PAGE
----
"Day For Night" Is Released
La Nuit américaine is a 1974 French film directed by François Truffaut.
It stars Jacqueline Bisset and Jean-Pierre Léaud. In French, nuit américaine ('American night') is a technical process whereby sequences shot during the daytime are made to appear as if they are taking place at night. In the English-speaking world the film is known as Day for Night, which is the equivalent English expression.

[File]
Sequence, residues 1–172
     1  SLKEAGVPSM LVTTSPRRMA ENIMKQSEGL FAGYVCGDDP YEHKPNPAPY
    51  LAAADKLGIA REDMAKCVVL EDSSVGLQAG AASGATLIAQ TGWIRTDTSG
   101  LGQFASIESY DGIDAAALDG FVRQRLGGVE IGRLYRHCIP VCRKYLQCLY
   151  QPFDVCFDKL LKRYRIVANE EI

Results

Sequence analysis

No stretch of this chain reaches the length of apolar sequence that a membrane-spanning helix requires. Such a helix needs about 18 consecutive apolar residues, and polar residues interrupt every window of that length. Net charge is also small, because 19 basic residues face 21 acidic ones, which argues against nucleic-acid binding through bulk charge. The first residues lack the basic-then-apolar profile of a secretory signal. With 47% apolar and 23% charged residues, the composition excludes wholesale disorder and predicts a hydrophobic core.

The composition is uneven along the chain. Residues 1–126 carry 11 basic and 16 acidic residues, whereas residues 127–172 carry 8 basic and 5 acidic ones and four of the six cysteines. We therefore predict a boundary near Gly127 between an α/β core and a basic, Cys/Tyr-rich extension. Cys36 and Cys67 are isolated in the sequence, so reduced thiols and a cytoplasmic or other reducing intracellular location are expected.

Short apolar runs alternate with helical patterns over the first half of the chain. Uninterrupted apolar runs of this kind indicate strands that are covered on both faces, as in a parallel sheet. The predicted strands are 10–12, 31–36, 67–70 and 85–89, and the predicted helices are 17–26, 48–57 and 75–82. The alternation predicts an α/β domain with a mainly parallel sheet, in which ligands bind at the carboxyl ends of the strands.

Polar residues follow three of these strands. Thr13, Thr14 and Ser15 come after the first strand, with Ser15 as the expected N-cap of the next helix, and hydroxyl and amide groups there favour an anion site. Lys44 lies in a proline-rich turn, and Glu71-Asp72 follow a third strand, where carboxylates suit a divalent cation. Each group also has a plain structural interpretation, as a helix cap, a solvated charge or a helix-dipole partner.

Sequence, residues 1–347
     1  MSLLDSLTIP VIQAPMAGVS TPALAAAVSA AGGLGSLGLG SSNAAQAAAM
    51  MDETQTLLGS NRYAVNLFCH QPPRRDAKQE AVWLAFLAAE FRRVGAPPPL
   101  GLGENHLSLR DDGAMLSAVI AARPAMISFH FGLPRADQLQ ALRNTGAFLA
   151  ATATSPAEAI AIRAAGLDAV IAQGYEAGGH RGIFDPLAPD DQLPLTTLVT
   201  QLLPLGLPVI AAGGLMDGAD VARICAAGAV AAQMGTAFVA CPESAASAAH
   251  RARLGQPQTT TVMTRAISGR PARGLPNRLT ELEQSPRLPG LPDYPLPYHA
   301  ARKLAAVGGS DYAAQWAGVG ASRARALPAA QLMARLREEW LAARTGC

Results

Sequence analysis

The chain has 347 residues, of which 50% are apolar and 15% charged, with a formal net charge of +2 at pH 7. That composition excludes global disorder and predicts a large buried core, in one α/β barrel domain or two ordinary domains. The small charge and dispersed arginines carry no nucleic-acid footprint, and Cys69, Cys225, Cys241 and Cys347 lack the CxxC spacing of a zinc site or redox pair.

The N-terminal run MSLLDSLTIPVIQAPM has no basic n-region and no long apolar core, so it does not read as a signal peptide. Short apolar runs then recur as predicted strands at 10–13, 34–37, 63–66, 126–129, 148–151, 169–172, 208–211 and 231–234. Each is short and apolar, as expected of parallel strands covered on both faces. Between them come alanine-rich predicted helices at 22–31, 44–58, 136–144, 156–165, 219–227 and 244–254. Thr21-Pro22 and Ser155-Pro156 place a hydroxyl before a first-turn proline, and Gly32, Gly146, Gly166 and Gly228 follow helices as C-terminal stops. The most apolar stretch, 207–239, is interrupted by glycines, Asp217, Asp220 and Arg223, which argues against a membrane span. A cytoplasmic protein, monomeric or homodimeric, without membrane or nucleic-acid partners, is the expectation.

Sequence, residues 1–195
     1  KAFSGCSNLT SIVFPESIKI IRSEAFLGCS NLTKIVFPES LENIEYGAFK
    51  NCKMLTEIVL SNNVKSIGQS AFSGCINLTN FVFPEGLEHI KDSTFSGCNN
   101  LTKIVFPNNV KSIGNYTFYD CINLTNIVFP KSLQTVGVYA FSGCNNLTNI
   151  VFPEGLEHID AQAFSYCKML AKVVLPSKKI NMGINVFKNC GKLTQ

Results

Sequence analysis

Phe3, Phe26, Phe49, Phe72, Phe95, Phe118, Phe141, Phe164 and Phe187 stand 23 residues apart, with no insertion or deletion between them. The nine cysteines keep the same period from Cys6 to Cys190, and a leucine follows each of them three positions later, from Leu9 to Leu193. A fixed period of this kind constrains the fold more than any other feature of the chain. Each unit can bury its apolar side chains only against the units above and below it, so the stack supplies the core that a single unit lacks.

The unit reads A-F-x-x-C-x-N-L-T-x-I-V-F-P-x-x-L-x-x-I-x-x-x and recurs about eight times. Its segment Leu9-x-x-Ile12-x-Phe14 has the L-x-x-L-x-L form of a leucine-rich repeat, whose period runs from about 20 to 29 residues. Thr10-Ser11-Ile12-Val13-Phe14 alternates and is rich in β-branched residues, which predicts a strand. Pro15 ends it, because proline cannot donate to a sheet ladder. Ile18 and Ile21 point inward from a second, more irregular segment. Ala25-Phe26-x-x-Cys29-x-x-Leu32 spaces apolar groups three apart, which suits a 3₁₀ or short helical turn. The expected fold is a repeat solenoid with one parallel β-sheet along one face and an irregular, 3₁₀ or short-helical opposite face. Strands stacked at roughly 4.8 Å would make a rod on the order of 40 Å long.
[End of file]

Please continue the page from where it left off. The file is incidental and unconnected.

Known to English-speaking audiences as Day for Night, La nuit américaine was director François Truffaut's loving and humorous tribute to the communal insanity of making a movie. The film details the making of a family drama called "Meet Pamela" about the tragedy that follows when a young French man introduces his parents to his new British wife. Truffaut gently satirizes his own films with "Meet Pamela"'s overwrought storyline, but the real focus is on the chaos behind the scenes. One of the central actresses is continually drunk due to family problems, while the other is prone to emotional instability, and the male lead (Truffaut regular Jean-Pierre Leaud) starts to act erratically when his intermittent romance with the fickle script girl begins to fail. In addition to all this personal drama, the film is besieged by technical problems, from difficult tracking shots to stubborn animal actors. The inspiration for future satires of movie-making from Living in Oblivion to Irma Vep, La nuit américaine was considered slight by some critics in comparison to earlier Truffaut masterworks, but it went on to win the 1973 Oscar for Best Foreign Film. ~ Judd Blaise, All Movie Guide